Background: Chorioamnionitis is a significant risk factor for early-onset neonatal sepsis. However, empiric antibiotic treatment is unnecessary for most asymptomatic newborns exposed to maternal chorioamnionitis (MC). The purpose of this study is to report the outcomes of asymptomatic neonates ≥35 weeks gestational age (GA) exposed to MC, who were managed without routine antibiotic administration and were clinically monitored while following complete blood cell counts (CBCs). Methods: A retrospective chart review was performed on neonates with GA ≥ 35 weeks with MC during calendar year 2013. IT ratio (immature: Total neutrophils) was considered suspicious if ≥0.3. The data were analyzed using independent sample T-tests. Results: Among the 275 neonates with MC, 36 received antibiotics for possible sepsis. Twenty-one were treated with antibiotics for > 48 h for clinical signs of infection; only one infant had a positive blood culture. All 21 became symptomatic prior to initiating antibiotics. Six showed worsening of IT ratio. Thus empiric antibiotic administration was safely avoided in 87% of neonates with MC. 81.5% of the neonates had follow-up appointments within a few days and at two weeks of age within the hospital system. There were no readmissions for suspected sepsis. Conclusions: In our patient population, using CBC indices and clinical observation to predict sepsis in neonates with MC appears safe and avoids the unnecessary use of antibiotics.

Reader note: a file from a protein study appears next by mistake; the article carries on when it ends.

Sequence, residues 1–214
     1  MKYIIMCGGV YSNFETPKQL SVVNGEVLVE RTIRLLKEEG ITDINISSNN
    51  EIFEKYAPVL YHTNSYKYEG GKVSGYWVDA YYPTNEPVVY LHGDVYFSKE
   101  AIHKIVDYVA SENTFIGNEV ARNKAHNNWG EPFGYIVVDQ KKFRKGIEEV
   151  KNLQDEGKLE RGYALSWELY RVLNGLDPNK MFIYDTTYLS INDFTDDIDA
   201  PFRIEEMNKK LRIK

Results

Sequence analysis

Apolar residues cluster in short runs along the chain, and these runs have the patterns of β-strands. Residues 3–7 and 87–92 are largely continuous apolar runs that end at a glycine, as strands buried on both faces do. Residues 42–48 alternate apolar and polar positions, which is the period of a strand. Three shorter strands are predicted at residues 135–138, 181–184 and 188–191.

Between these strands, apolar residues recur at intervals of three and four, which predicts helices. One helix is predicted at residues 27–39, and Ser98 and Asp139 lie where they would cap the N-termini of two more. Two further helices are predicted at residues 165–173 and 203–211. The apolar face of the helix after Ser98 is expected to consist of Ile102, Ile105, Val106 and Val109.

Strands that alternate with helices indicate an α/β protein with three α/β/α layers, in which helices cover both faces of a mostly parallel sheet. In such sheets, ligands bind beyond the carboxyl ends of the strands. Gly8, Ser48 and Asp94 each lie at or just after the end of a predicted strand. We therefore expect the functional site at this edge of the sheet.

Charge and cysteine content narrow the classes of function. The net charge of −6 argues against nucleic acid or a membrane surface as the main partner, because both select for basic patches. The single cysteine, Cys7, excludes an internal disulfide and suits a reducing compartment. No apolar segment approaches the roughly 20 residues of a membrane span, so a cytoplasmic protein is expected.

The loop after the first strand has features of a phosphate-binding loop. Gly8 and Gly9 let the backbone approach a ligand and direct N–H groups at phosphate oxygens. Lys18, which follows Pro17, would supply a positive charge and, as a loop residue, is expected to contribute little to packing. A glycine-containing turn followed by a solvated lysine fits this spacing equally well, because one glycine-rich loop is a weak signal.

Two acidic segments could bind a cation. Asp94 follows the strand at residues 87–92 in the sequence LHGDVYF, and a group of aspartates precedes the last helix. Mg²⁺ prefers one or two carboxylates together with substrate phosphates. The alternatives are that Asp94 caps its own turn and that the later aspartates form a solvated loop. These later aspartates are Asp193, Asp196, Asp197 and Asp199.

ASJC Scopus subject areas
- Pediatrics, Perinatology, and Child Health